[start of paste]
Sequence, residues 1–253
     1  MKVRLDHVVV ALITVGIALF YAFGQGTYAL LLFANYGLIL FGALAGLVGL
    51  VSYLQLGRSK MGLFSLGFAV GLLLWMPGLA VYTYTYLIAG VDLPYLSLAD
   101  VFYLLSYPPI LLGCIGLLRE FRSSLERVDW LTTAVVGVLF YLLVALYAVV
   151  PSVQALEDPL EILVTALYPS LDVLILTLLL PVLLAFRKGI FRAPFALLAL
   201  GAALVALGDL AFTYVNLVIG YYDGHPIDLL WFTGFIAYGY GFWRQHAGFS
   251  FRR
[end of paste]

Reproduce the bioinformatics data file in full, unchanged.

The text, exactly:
Sequence, residues 1–253
     1  MKVRLDHVVV ALITVGIALF YAFGQGTYAL LLFANYGLIL FGALAGLVGL
    51  VSYLQLGRSK MGLFSLGFAV GLLLWMPGLA VYTYTYLIAG VDLPYLSLAD
   101  VFYLLSYPPI LLGCIGLLRE FRSSLERVDW LTTAVVGVLF YLLVALYAVV
   151  PSVQALEDPL EILVTALYPS LDVLILTLLL PVLLAFRKGI FRAPFALLAL
   201  GAALVALGDL AFTYVNLVIG YYDGHPIDLL WFTGFIAYGY GFWRQHAGFS
   251  FRR